Imaginary Weapons: A Journey Through the Pentagon's Scientific Underworld by Sharon Weinberger Nation Books, 2006

from review:

The Pentagon's Defense Advanced Research Projects Agency:

A history of the quest for a hafnium isomer weapon

Imaginary Weapons is an intriguing look at the Byzantine world of military-driven science, pseudo-science, and pathological science. Since World War Two, the union of science and war has yielded countless discoveries and innovations, but has also squandered billions of our dollars along the way – a theft according to one old general. Weinberger has neatly apprised us of what almost assuredly was one such blunder. Her object is not to give an overall assessment of DARPA, identify frauds and villains, or echo Ike’s earnest warning. She does, however, point out to us that nonscientific demands and epistemological miasmas in the high councils of DARPA unduly influence the awarding of research grants and ably contribute to the momentum that sustains them. There’s little reason to think things will change.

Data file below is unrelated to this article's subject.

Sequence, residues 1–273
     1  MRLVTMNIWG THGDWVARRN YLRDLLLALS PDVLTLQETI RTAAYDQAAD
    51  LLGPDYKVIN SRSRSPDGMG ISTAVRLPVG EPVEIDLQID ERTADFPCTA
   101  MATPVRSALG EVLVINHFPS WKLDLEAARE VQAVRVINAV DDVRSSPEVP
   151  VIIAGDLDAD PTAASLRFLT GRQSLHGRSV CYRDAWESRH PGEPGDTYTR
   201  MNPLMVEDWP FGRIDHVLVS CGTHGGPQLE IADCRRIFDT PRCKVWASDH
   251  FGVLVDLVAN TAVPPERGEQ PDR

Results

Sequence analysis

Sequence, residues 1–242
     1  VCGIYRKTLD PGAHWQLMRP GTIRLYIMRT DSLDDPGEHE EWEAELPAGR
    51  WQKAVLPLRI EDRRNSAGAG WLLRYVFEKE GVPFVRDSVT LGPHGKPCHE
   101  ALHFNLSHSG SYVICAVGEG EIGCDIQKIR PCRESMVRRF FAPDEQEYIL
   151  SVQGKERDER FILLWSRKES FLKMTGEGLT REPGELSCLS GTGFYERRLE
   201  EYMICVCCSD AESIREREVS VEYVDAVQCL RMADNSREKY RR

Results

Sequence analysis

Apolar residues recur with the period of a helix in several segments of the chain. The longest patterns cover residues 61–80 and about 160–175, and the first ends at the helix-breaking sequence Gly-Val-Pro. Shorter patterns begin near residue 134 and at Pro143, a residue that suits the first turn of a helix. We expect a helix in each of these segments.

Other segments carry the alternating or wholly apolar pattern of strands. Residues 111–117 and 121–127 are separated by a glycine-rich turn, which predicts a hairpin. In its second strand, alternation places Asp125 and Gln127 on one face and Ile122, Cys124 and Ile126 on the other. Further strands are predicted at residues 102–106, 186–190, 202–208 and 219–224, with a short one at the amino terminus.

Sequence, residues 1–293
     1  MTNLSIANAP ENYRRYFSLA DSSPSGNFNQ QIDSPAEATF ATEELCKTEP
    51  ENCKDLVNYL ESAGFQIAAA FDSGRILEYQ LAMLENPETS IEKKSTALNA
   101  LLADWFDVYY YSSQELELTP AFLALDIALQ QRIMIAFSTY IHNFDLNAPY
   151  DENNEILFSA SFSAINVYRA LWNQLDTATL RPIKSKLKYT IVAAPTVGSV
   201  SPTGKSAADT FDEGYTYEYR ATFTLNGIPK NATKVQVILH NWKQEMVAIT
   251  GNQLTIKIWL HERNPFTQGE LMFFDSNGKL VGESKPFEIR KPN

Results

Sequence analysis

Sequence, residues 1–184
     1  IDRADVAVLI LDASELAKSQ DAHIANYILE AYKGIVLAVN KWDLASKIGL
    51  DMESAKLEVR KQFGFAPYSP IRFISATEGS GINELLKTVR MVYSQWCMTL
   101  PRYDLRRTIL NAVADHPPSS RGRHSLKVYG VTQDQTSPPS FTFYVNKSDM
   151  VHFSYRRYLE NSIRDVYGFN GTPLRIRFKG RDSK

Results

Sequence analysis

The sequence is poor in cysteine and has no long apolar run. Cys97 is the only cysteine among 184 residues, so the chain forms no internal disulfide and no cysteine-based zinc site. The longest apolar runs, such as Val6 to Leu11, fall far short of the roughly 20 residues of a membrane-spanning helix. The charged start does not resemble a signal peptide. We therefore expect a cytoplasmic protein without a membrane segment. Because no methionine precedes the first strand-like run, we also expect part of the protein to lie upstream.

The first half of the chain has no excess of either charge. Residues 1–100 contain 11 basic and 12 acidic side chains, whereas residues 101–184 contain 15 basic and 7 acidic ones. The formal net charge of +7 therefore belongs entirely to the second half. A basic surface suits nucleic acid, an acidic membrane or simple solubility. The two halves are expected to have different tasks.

Full review: